A team of 15 scientists and experts from the China Academy of
Forestry, Gansu Provincial Sand Control Institute, and Lanzhou
University started on an expedition to China's eighth largest
desert, the Kumtag, on Thursday.
This is the first full-scale scientific expedition across the
Kumtag for Chinese scientists, said Wang Jihe, a researcher with
Gansu Provincial Sand Control Institute and head of the
The team will walk across the desert to study its geology,
animals and vegetation, surface water distribution, agriculture,
stockbreeding and other human activities as well as its
desertification process, Wang said.
The team will also collect samples for future research on the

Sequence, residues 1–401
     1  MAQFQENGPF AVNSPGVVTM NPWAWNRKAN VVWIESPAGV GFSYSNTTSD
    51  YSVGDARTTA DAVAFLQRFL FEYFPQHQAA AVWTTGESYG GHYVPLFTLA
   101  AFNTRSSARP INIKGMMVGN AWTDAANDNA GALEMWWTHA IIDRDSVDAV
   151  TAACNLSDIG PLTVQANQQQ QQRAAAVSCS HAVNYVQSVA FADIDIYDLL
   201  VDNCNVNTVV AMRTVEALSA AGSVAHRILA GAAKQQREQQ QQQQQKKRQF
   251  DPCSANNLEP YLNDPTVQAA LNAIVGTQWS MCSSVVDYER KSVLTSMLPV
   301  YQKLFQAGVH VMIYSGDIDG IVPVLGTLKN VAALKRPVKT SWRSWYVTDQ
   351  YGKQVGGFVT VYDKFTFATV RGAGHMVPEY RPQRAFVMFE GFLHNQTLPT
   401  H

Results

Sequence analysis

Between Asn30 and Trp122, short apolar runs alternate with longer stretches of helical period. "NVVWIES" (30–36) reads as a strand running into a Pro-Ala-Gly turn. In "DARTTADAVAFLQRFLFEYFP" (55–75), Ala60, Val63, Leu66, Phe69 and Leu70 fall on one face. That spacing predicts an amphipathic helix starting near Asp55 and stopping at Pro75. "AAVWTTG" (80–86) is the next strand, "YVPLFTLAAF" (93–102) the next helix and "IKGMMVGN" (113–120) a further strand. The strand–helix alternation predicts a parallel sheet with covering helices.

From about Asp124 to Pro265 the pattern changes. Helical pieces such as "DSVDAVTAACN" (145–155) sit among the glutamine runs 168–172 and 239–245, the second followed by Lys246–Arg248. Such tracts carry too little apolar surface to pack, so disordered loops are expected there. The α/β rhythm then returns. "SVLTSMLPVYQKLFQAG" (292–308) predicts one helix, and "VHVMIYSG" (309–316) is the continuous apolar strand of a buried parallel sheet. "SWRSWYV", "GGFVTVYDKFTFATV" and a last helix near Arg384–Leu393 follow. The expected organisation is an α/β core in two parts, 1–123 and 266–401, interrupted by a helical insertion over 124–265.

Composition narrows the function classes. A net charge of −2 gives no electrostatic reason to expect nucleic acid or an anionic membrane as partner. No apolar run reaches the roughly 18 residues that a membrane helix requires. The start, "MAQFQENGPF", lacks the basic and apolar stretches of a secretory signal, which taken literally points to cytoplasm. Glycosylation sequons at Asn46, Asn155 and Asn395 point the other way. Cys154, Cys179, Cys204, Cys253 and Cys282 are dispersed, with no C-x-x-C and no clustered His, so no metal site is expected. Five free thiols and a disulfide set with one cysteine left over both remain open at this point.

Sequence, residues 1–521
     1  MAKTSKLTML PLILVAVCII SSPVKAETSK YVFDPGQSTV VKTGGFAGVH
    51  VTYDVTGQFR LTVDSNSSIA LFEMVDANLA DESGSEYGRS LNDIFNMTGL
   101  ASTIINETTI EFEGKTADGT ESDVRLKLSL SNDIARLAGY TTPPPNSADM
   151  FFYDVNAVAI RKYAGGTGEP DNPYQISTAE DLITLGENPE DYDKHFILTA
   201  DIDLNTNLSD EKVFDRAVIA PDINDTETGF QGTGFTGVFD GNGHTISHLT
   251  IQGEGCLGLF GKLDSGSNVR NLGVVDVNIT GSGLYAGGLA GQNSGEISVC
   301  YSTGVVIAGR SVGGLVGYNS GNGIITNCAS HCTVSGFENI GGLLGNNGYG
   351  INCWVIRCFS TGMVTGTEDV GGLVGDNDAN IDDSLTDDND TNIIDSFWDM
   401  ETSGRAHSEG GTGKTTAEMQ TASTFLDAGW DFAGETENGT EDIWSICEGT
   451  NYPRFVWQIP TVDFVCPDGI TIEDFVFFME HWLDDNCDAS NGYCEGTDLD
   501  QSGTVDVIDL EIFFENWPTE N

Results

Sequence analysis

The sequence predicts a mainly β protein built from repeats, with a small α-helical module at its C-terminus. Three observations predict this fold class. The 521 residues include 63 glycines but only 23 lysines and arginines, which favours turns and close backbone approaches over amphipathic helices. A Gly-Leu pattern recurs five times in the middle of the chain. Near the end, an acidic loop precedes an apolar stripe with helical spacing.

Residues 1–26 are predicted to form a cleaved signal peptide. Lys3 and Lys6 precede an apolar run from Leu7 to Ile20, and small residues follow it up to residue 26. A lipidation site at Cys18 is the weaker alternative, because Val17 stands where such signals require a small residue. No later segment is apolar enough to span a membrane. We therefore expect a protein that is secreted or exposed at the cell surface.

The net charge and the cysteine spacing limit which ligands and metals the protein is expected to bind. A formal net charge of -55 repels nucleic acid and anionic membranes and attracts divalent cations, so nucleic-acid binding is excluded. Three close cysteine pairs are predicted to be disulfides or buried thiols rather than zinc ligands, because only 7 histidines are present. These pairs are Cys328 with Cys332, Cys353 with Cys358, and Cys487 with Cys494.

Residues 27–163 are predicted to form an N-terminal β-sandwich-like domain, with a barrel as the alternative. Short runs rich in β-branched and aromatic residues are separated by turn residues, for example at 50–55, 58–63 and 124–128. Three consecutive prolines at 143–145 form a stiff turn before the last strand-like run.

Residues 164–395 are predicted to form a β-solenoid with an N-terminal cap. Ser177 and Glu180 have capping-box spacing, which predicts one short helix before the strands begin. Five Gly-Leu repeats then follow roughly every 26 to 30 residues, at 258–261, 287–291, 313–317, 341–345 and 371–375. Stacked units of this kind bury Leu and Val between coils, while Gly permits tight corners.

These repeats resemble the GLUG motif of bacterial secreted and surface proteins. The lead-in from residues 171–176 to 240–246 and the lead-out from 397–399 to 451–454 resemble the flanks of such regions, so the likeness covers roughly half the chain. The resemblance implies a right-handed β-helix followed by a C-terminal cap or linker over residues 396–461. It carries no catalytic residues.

desert's soil, vegetation, climate and water conditions, he
"Kumtag is a natural lab that tells how a desert is formed and
evolves," Wang said. "The study will help us better understand how
the arid region in the northwest was formed in the first place and
how the Qinghai-Tibet Plateau developed into the 'roof of the
Wang said the team also hopes to get some first-hand information
about wild two-humped camels, a rare species that, just like the
giant panda, is under special protection by the Chinese government.
"Kumtag is a known habitat of the camel," he added.
"Kumtag" means "sand hill" in Uygur. As its name suggests, the
desert has the toughest natural conditions in northwest China's
To date, scientists know very little about the Kumtag, which is
located between Lop Nur in Xinjiang
Uygur Autonomous Region and Dunhuang of Gansu
Province and sandwiched between two mountain ranges: the
Tianshan Mountains to the north and Altun Mountains to the
(Xinhua News Agency September 9, 2005)